COVID-19 antibodies last at least three months; so do symptoms for many

By Nancy Lapid
(Reuters) - The following is a roundup of some of the latest scientific studies on the novel coronavirus and efforts to find treatments and vaccines for COVID-19, the disease caused by the virus.

COVID-19 antibodies last at least three months
People infected with COVID-19 develop antibodies to the new coronavirus that last for at least three months. This emerges from two reports published in Science Immunology on Thursday. The two studies, which together enrolled nearly 750 patients, suggest that immunoglobulin G (IgG) antibodies, which show up well after an infection started, are considered to be the longest-lasting. The researchers found that IgG antibodies targeting two targets - a spike protein on the virus that helps infect cells and a part of the spike called the receptor binding domain (RBD) - lasted for more than 100 days. While the protective effects of COVID-19 antibodies are not fully understood, Jen Gommerman of the University of Toronto, co-author of the study, said her team also found levels of so-called neutralizing antibodies, which inactivate the virus, "seemed very stable." The other study from Harvard Medical School reported similar results. This means that a properly designed vaccine "should produce a sustained antibody response that has the potential to neutralize the virus," Gommerman said. Her group also found that antibodies in saliva correlated with antibodies in the blood, but at this point the saliva tests are not sensitive enough to replace blood tests. (;

COVID-19 symptoms last for many months
Three months after the illness, many COVID-19 patients still have symptoms, two studies confirm, and the more severe the initial infections, the greater the likelihood of persistent problems. In Spain, doctors checked 108 patients, including 44 seriously ill. 12 weeks after diagnosis, 76% still reported after-effects, 40% reported three or more health problems related to coronavirus, doctors said in an article published on medRxiv on Thursday prior to the assessment. The most common complaints were shortness of breath, physical weakness, cough, chest pain, palpitations, and mental and cognitive disorders. In a similar study of 233 US COVID-19 patients - eight of whom were seriously ill - one in four still had symptoms 90 days after their first illness. The rates were higher in sick patients: 59.4% after 30 days and 40.6% after 90 days. "But even in very mild and initially asymptomatic cases, 14.3% have complications lasting 30 days or longer," the authors reported on medRxiv on Sunday. In the US study, the most common persistent symptoms were odor and taste disorders, difficulty concentrating, shortness of breath, memory loss, confusion, headache, palpitations, chest pain, pain with deep breaths, dizziness, and rapid heartbeat. (;

Remdesivir cut COVID-19 recovery time by 5 days
Final data from a large study of Gilead Sciences Inc's antiviral drug Remdesivir showed the treatment reduced COVID-19 recovery time in hospitalized patients by five days, one day faster than preliminary data indicated, researchers reported Thursday in the New England Journal of Medicine. The 1,062 patient study compared up to 10 days of therapy with remdesivir - sold as Veklury in some markets - with placebo. The average recovery time was 10 days for those who received the Gilead drug versus 15 days for the placebo group. In patients who initially needed oxygen, those who took remdesivir continued to need oxygen for an average of 13 days, compared with 21 days in those who received placebo. In a separate analysis that looked only at patients receiving oxygen, the drug appeared to reduce the risk of death by 70% over the next month. "We now have data suggesting that giving remdesivir to oxygenated patients can significantly reduce their likelihood of death compared to other subgroups," said Dr. Andre Kalil, an infectious disease expert at the University of Nebraska Medical Center and lead researcher on the study, issued a press release. (;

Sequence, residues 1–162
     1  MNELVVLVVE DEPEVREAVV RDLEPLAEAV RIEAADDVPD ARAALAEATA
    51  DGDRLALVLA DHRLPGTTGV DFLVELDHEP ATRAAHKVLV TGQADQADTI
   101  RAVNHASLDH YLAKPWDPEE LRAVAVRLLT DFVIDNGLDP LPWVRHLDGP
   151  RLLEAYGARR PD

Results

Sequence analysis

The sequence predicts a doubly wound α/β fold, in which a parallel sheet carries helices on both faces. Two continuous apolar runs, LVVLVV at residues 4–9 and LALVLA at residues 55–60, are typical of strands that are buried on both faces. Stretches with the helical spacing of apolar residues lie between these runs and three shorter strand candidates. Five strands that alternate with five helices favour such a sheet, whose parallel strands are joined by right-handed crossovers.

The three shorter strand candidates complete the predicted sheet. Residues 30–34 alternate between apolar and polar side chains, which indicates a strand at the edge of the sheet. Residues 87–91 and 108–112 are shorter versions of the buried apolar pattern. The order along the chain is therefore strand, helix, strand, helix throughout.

Coronavirus rarely migrates from mother to newborn
Transmission of the new coronavirus from mothers to newborns is rare, doctors at Irving Medical Center at New York-Presbyterian / Columbia University reported in JAMA Pediatrics on Monday. They examined 101 babies from 100 mothers with COVID-19, including 10 whose mothers were critically ill. Almost all babies tested negative for the virus, while tests in two newborns showed uncertain results. When these two indeterminate results are considered positive, the total transmission frequency was 2.0%. Even with a transmission rate of 2%, "none of our babies showed clinical symptoms of COVID-19, either during their stay in the newborn kindergarten or in the first weeks of life," said co-author Dr. Dani Dumitriu via email to Reuters Health. About 90% of the newborns were at least partially breastfed. "As the country gets into a second wave of the COVID-19 pandemic, it is important to know that separating affected mothers from their newborns may not be justified and direct breastfeeding seems safe," said study co-author Dr. Melissa Stockwell said. (

Open in an external browser for a Reuters graphic on vaccines and treatments in development.

(Reporting by Nancy Lapid, Julie Steenhuysen, and Will Boggs; Editing by Bill Berkrot)

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